1. What do their words taste like? “The fruit of the Spirit is love, joy, peace, longsuffering, gentleness, goodness, faith, meekness, temperance . . . if we live in the Spirit, let us also walk in the Spirit. Let us not be desirous of vain glory, provoking one another, envying one another” (Galatians 5:22, 25, 26). If their words don’t taste like the fruit of the Spirit, I have to ask myself, “doth a fountain send forth at the same place sweet water and bitter?” (James 3:11).

2. Are they argumentative, belittling, accusing, contentious, or resistant? “For verily, verily I say unto you, he that hath the spirit of contention is not of me, but is of the devil, who is the father of contention, and he stirreth up the hearts of men to contend with anger, one with another. Behold, this is not my doctrine, to stir up the hearts of men with anger, one against another; but this is my doctrine, that such things should be done away” (3 Nephi 11:29–30).

3. Are they respectful or disrespectful? Do their words unify or isolate? Do they connect people or do they cut them off? Are they inclusive or exclusive?

4. Are they manipulative? political (in the worst sense)? aspiring? egotistical? overbearing?

5. Is he or she a man or woman of God? “And also trust no one to be your teacher nor your minister, except he [or she] be a man [or woman] of God, walking in his ways and keeping his commandments” (Mosiah 23:14).

I welcome an open, respectful conversation on any topic. I love the truth, but I also know that “the wisdom that is from above is first pure, then peaceable, gentle, and easy to be entreated, full of mercy and good fruits, without partiality, and without hypocrisy” (James 3:17).

I trust God. I know His voice. I trust voices that echo His. If a voice does not edify, build up, encourage, give hope, or bring peace, it is not of God (see D&C 50:23).

I was once having a tense discussion with a minister of another faith. In the midst of our conversation, I quoted a few verses that I had gratefully memorized:

Wherefore, all things which are good cometh of God; and that which is evil cometh of the devil; for the devil is an enemy unto God, and fighteth against him continually, and inviteth and enticeth to sin, and to do that which is evil continually. But behold, that which is of God inviteth and enticeth to do good continually; wherefore, every thing which inviteth and enticeth to do good, and to love God, and to serve him, is inspired of God. (Moroni 7:12–13.)

The minister paused, looked at me and said, “That was a good scripture!” Quite a compliment to the Book of Mormon from an ardent opponent. It still makes me smile.

I believe there’s hope for everybody. Nevertheless, taste the fruit before swallowing.

Living in the Present

I know the idea of living in the present moment—mindfulness—is rooted in Eastern thought. Honestly, I don’t know much about it. I have never read a book by Eckhart Tolle or Alan W. Watts.

I don’t get the time-space continuum, but I have some inklings about it. When I think for very long about the length of eternity, I sort of blow a spiritual circuit. Maybe that’s because eternity can’t be measured by breadth or length, but is a continuum.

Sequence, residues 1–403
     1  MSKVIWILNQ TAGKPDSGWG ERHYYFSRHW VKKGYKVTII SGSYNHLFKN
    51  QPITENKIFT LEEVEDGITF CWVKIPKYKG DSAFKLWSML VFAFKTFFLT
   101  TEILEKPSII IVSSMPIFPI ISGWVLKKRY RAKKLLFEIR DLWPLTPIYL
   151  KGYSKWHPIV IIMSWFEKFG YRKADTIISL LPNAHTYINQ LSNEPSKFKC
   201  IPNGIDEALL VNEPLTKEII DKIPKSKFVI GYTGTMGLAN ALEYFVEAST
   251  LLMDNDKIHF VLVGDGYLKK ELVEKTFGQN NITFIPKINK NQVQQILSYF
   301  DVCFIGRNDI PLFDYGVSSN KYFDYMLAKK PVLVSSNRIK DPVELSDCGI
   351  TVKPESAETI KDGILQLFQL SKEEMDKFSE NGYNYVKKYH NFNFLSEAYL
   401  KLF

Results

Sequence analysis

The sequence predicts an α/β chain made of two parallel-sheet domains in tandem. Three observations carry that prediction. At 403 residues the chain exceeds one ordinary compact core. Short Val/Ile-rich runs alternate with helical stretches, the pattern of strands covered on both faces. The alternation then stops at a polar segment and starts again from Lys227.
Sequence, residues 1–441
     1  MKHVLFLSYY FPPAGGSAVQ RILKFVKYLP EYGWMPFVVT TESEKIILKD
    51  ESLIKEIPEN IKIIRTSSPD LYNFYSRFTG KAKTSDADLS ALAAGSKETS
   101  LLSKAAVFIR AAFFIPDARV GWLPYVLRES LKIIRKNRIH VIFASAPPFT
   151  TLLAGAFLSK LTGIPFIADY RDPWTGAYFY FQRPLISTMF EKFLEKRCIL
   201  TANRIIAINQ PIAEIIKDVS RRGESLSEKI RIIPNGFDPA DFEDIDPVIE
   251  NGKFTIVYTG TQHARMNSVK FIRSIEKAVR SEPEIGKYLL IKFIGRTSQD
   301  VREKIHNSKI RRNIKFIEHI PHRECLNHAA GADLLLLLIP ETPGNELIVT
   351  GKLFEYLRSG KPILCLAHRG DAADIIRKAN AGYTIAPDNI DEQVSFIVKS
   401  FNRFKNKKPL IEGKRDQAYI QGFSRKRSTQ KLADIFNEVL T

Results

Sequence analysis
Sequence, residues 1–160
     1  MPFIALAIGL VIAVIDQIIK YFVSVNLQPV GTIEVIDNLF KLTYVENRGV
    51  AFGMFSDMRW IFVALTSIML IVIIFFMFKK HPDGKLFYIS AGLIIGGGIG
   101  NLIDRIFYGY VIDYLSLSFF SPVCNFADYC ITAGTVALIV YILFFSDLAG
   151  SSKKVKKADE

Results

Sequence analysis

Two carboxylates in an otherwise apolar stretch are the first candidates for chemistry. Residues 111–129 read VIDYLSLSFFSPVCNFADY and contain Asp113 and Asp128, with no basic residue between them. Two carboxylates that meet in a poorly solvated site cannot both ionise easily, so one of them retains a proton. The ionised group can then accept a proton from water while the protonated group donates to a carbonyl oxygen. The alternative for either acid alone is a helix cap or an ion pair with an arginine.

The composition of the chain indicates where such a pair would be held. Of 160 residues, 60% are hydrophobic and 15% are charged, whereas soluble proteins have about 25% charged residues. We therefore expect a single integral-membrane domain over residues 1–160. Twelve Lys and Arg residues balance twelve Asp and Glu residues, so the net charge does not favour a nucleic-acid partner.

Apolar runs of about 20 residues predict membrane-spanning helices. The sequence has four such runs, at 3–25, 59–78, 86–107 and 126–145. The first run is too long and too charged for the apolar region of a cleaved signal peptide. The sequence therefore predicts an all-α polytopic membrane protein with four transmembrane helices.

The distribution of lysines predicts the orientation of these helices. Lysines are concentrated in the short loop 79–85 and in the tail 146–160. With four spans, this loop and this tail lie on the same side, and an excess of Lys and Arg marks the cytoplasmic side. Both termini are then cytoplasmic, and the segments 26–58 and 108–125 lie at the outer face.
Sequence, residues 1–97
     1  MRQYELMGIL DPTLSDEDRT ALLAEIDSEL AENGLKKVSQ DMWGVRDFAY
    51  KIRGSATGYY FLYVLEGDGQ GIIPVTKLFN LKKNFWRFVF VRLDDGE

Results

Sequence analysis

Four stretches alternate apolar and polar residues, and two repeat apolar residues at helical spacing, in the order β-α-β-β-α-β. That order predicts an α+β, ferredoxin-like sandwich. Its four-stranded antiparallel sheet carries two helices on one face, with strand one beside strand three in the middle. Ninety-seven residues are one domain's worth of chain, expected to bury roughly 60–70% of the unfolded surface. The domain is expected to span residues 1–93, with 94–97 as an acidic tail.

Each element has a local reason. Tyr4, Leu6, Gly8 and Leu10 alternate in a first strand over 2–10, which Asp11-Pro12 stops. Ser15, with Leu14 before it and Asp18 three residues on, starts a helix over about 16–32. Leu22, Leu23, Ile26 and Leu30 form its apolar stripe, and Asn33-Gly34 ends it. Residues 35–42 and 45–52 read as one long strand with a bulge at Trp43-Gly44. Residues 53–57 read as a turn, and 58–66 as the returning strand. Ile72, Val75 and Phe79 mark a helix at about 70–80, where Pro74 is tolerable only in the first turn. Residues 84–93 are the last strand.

In the presence of God, on a globe like a sea of glass and fire . . . all things . . . are manifest, past, present, and future, and are continually before the Lord (D&C 130:7).

 Neal Maxwell explained it this way:

Our own intellectual shortfalls and perplexities do not alter the fact of God’s astonishing foreknowledge . . . amid the mortal and fragmentary communiques and the breaking news of the day concerning various human conflicts, God lives in an eternal now where the past, present, and future are constantly before Him (Neal A. Maxwell, “Care for the Life of the Soul,” Ensign, May 2003, 70).

So God lives in an eternal now? I still don’t understand how that all works, but I believe it. I don’t have to see it. I just have to feel it. And I do feel it.

I’d like to share a few ideas about living in the present, if you are willing to read on. Here’s what I believe.

Little children, for example, live in the present. They are not mired in the past or worried about the future. It’s all about right now for them. That can challenge parents, but it’s just how little people roll. It’s pretty wonderful most of the time.

We grow up and while we grow up—and I don’t care if you are 70, you are still growing up—we are creating a past that is often made up of faulty perceptions about ourselves and others. When we live in the shadow of those perceptions, we live in the past, not the present. And if you live in the past, whether it’s a happy past or a sad one, you are stuck.

If you worry a lot, you’re living in a difficult, unknown future. In fact, you are probably creating an unhappy future. As the saying goes, worry is a prayer for what you don’t want. If you are worrying or longing incessantly for something you hope might happen in the future, you are stuck.

If you are stuck, you are likely not exercising enough faith to fully accept what Christ has already done for you.

He can redeem you from your past and any sadness it causes you, whether regret for missteps or loss of happiness due to lost love. And any future with Him will be a happy, fulfilling one because He is the Guardian of hope. If we struggle to accept this truth, we are struggling to accept Him and thus ourselves.